On the kerb: From left, drama students Oliver, Oscar, Timo and Poppy await their turn. Credit: MWN
To a rugby stadium far, far away they flew by the masses, bright-eyed and buzzing with the opportunity before them: to achieve immortality by landing a part in the most successful film franchise ever. When "Star Wars" auditions beamed down to a drab southwest London suburb on a frozen morning this past Sunday, true believers answered the call.
They were responding to a brief demanding “beautiful, smart and athletic” characters: a girl to play a 17- to 18-year-old, and a boy 19-23. A casting spokesperson had starkly reinforced the message, “If you don’t fit the brief, don’t come – you’re ruining it for others.”
But semirational hope – and the knowledge that Luke Skywalker himself, Mark Hamill, had been cast as an unknown – ensured that queues stretched around Twickenham Stadium when the audition tents opened at 11 a.m. They had grown to several thousand since the earliest arrivals before 6 a.m.
Tension built toward the front, a hotbed of motivational psychology. “I feel I meet the brief enough to give it a shot,” says Nathan Maccauley, a student originally from San Francisco. He had identified a “competitive vibe,” but felt that his knowledge of the series could provide an edge. “It’s full of strong characters that stay true to themselves when they are pulled in different directions.”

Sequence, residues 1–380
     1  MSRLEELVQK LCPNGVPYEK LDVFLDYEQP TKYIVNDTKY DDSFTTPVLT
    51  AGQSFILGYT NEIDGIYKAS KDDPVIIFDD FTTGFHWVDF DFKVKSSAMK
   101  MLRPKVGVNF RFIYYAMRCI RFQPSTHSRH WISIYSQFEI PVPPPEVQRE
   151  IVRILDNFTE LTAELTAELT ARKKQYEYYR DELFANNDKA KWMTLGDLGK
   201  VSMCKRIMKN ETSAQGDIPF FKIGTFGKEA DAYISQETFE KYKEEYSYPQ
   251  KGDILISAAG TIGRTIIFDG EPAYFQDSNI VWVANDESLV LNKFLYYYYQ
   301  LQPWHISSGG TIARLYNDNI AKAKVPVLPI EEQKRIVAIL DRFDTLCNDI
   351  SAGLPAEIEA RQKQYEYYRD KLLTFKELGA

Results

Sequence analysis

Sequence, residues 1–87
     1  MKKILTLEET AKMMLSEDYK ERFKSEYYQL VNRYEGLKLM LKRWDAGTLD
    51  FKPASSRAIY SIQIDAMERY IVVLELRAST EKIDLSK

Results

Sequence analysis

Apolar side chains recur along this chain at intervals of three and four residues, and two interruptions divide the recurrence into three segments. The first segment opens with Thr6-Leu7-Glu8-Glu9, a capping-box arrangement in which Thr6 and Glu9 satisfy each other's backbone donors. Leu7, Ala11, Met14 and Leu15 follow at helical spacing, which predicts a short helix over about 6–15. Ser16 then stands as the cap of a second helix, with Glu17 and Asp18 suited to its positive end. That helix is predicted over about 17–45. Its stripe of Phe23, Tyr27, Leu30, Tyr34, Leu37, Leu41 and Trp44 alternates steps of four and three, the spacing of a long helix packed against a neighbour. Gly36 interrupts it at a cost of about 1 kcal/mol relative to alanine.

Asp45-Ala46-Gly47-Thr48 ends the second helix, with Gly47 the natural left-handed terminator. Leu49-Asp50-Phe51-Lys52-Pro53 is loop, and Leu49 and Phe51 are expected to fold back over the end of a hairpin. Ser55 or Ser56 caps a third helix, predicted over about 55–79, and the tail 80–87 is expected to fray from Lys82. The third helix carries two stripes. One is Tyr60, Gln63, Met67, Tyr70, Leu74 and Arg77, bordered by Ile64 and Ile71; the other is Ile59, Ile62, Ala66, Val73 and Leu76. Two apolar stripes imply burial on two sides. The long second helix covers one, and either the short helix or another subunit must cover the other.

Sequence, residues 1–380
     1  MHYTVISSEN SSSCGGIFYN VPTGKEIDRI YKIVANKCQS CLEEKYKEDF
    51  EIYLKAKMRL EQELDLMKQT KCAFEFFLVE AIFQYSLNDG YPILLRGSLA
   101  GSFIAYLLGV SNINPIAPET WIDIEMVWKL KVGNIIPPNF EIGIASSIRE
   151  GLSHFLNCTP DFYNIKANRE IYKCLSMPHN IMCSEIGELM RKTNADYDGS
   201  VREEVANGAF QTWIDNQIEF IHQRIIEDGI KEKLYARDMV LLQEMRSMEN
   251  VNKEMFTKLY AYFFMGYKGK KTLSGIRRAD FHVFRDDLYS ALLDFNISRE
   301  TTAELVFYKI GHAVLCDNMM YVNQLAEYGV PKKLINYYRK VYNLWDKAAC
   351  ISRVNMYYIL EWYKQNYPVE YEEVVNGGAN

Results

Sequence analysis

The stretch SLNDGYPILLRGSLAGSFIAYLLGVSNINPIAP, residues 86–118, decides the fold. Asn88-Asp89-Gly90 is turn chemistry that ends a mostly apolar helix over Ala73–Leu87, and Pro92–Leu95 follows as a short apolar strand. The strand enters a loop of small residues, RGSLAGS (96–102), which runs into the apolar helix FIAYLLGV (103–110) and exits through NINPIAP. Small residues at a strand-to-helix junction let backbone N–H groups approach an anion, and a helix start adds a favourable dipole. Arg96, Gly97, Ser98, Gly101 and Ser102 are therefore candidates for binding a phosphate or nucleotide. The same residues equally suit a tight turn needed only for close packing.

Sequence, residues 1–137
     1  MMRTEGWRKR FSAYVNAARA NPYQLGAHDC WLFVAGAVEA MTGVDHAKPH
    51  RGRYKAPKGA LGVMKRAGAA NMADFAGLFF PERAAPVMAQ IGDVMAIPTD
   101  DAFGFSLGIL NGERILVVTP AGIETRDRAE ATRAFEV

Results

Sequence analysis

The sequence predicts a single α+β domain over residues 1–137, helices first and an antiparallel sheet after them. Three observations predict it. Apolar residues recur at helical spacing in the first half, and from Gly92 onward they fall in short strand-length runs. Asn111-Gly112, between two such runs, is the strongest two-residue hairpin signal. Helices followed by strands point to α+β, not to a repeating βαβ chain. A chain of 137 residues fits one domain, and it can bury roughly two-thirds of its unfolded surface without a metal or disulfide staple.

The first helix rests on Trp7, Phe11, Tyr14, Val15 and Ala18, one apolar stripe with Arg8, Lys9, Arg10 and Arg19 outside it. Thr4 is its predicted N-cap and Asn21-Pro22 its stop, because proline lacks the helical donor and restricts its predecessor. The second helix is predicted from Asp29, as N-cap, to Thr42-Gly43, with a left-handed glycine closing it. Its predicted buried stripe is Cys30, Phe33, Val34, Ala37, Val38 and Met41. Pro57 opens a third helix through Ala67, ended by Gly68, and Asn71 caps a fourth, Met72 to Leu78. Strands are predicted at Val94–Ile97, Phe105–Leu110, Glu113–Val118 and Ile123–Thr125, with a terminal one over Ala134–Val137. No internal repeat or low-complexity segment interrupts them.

The competition was shown when dancer Freddy crashes our interview, bouncing with the nervous energy of a caffeine rush. “I’m doing this to challenge myself,” she says. “I normally do theater and music videos, but I’ll do anything. I’m not fazed.”
Farther back, later arrivals had been herded into a pen. “It took three trains to get here,” explains Colby, a musician with teeth filed to vampire points. A lifelong Star Wars fan, he said that bounty hunter Boba Fett was the best character in the series as subtle acting was “drowned” by the special effects.
Journey times ran into days and the queue demanded several hours, but applicants passed through the blue audition tents in minutes. “They just asked me my age and what experience I had, but it was all about looks,” an unsuccessful boy said bitterly, adding that no refreshments or toilet facilities had been provided during his ordeal – Hollywood glamour in short supply.
By 1 p.m., cynicism had spread through the ranks of the rejected. “This might just be a publicity stunt,” said Oliver, one of four drama students sitting in camping chairs pitched by the entrance. But then a text revealed that two friends had passed to a second stage reading, and a new hope spread among the faithful.